Team:GreatBay SCIE/Proof Of Concept

Proof of Concept


Technologies that mediate tumor-targeted drug delivery are needed to improve their therapeutic efficacy and safety. This year, GreatBay_SCIE have demonstrate the feasibility of a novel targeted drug delivery system, consisting of aptamers conjugated to nanoparticles, encapsulating Doxorubicin (as a model drug).Similar to that of ADC, we use aptamer in the place of antibody, which exhibits significant advantages relative to protein therapeutics in terms of size, synthetic accessibility and modification by medicinal chemistry[1].

The viability of our delivery system relies on 2 main parts: the proper functioning of the aptamer and the capability of drug release from the nanoparticles. After proving that both parts of our project are working individually, we will verify that we can conjugate the aptamer onto the nanoparticle, and the conjugated aptamer-nanoparticle exhibits potent therapeutic capacity.

Aptamer binding experiment

The proper functioning of the aptamer is crucial for our system, which ensures the nanoparticle can selectively bind to, and can be successively engulfed by cancer cells.

To verify that our aptamer can actually bind to the HER2 protein, we have tested the disassociation constant of the aptamer, which represents the binding strength of the aptamer, using a sandwich ELISA kit. By using non-linear regression analysis, the Kd of HR2 aptamer for binding with the HER2 protein was estimated to be 1.803 μM, shown in Figure1.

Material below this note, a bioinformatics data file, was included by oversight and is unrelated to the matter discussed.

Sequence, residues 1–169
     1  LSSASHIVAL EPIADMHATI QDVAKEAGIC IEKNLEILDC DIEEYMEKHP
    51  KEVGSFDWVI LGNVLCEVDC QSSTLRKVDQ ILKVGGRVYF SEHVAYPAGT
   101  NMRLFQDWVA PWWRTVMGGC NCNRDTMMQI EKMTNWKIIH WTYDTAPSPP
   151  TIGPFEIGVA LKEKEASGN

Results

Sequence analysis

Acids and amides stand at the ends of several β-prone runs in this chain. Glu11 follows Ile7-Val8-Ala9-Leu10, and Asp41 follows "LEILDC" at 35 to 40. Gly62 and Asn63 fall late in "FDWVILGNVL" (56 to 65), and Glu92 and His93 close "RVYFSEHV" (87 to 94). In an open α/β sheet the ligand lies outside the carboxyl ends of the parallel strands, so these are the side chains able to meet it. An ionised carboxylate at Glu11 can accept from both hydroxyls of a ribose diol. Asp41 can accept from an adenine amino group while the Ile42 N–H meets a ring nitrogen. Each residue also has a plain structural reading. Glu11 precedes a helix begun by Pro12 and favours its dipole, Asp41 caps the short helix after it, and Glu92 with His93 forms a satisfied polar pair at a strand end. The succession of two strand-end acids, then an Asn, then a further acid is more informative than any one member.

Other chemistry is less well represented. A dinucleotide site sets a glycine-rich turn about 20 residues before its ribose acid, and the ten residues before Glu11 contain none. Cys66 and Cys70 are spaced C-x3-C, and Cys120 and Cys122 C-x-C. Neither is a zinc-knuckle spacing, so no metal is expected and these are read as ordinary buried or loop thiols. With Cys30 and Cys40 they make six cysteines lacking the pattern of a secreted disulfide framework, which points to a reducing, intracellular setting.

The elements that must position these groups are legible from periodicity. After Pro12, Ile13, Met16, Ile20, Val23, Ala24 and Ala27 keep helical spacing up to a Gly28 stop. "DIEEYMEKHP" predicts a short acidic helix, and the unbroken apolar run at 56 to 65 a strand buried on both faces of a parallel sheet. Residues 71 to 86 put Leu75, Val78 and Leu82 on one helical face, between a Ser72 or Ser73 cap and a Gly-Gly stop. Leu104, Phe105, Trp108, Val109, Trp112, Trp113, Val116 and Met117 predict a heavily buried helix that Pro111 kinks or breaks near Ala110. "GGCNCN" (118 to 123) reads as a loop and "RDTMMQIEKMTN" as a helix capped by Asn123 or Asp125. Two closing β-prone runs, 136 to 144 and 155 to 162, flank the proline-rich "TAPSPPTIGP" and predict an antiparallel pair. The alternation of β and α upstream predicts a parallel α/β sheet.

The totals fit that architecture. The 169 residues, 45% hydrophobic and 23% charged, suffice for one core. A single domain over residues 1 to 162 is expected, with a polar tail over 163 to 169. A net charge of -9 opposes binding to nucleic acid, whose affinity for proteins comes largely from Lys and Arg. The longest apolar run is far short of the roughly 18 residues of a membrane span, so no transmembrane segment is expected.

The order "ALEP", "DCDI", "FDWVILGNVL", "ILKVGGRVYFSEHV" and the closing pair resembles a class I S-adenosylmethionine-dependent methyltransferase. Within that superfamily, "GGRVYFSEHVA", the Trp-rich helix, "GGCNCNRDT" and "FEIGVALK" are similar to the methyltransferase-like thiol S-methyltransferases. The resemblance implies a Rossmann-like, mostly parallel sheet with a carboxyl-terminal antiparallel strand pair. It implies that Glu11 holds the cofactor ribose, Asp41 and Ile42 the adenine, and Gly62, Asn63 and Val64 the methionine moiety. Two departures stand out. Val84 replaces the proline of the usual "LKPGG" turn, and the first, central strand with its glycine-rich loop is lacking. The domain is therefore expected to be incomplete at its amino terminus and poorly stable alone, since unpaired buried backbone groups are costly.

Figure 1 Quantitative assay for HER2 aptamer affinity.

We hope to achieve higher therapeutic efficacy of our drug delivery system by increasing its selectivity to tumors over normal tissues. Due to the dysregulated pH gradient in tumor cells, with a lower extracellular pH (about 6.7–7.1) than that of the normal cells (about7.4)[2], the selectivity can be achieved by introducing a pH-sensitive motif to the aptamer[3], whose binding ability increases as the pH decreases.

We wish to verify the pH sensitivity of our designed aptamer with a modified ELISA test, in which the binding ability of the aptamer was assessed at different pH. However, due to the lack of time, we weren't able to finish this part of the experiment. Still, we managed to obtain a method for the synthesis of pH sensitive HR2 aptamer.

Synthesis of pHs-HR2 aptamer

Synthesis of pHs-HR2 aptamer remains difficult as it is too long (145 bp) to be synthesized by chemical methods, too expensive as well. We were able to synthesize pHs-HR2 aptamer using asymmetric PCR. Below is the diagram for the synthesized pHs-HR2 aptamer, presented in agarose gel.

Figure 2 The agarose gel for asymmetric PCR. As shown in the picture, when the F : R primer ratio is above 1 : 1, a blurry new band appears above the original band, which is identified as ssDNA.

Drug encapsulation experiment